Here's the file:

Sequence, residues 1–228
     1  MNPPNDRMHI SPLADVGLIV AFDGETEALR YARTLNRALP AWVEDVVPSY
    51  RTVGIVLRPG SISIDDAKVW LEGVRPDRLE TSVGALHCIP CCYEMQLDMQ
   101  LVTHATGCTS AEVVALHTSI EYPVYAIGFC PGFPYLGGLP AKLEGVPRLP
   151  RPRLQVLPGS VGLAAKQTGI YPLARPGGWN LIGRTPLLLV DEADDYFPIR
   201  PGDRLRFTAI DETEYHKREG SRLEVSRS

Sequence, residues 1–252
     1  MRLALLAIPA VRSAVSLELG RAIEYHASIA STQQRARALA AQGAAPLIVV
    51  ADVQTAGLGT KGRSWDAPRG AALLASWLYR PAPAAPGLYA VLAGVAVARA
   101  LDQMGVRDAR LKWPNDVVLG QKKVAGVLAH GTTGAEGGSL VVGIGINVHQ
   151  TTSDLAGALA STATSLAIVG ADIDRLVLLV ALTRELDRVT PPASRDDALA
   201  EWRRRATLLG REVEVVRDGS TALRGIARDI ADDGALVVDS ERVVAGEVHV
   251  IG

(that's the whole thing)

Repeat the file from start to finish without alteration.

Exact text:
Sequence, residues 1–228
     1  MNPPNDRMHI SPLADVGLIV AFDGETEALR YARTLNRALP AWVEDVVPSY
    51  RTVGIVLRPG SISIDDAKVW LEGVRPDRLE TSVGALHCIP CCYEMQLDMQ
   101  LVTHATGCTS AEVVALHTSI EYPVYAIGFC PGFPYLGGLP AKLEGVPRLP
   151  RPRLQVLPGS VGLAAKQTGI YPLARPGGWN LIGRTPLLLV DEADDYFPIR
   201  PGDRLRFTAI DETEYHKREG SRLEVSRS

Sequence, residues 1–252
     1  MRLALLAIPA VRSAVSLELG RAIEYHASIA STQQRARALA AQGAAPLIVV
    51  ADVQTAGLGT KGRSWDAPRG AALLASWLYR PAPAAPGLYA VLAGVAVARA
   101  LDQMGVRDAR LKWPNDVVLG QKKVAGVLAH GTTGAEGGSL VVGIGINVHQ
   151  TTSDLAGALA STATSLAIVG ADIDRLVLLV ALTRELDRVT PPASRDDALA
   201  EWRRRATLLG REVEVVRDGS TALRGIARDI ADDGALVVDS ERVVAGEVHV
   251  IG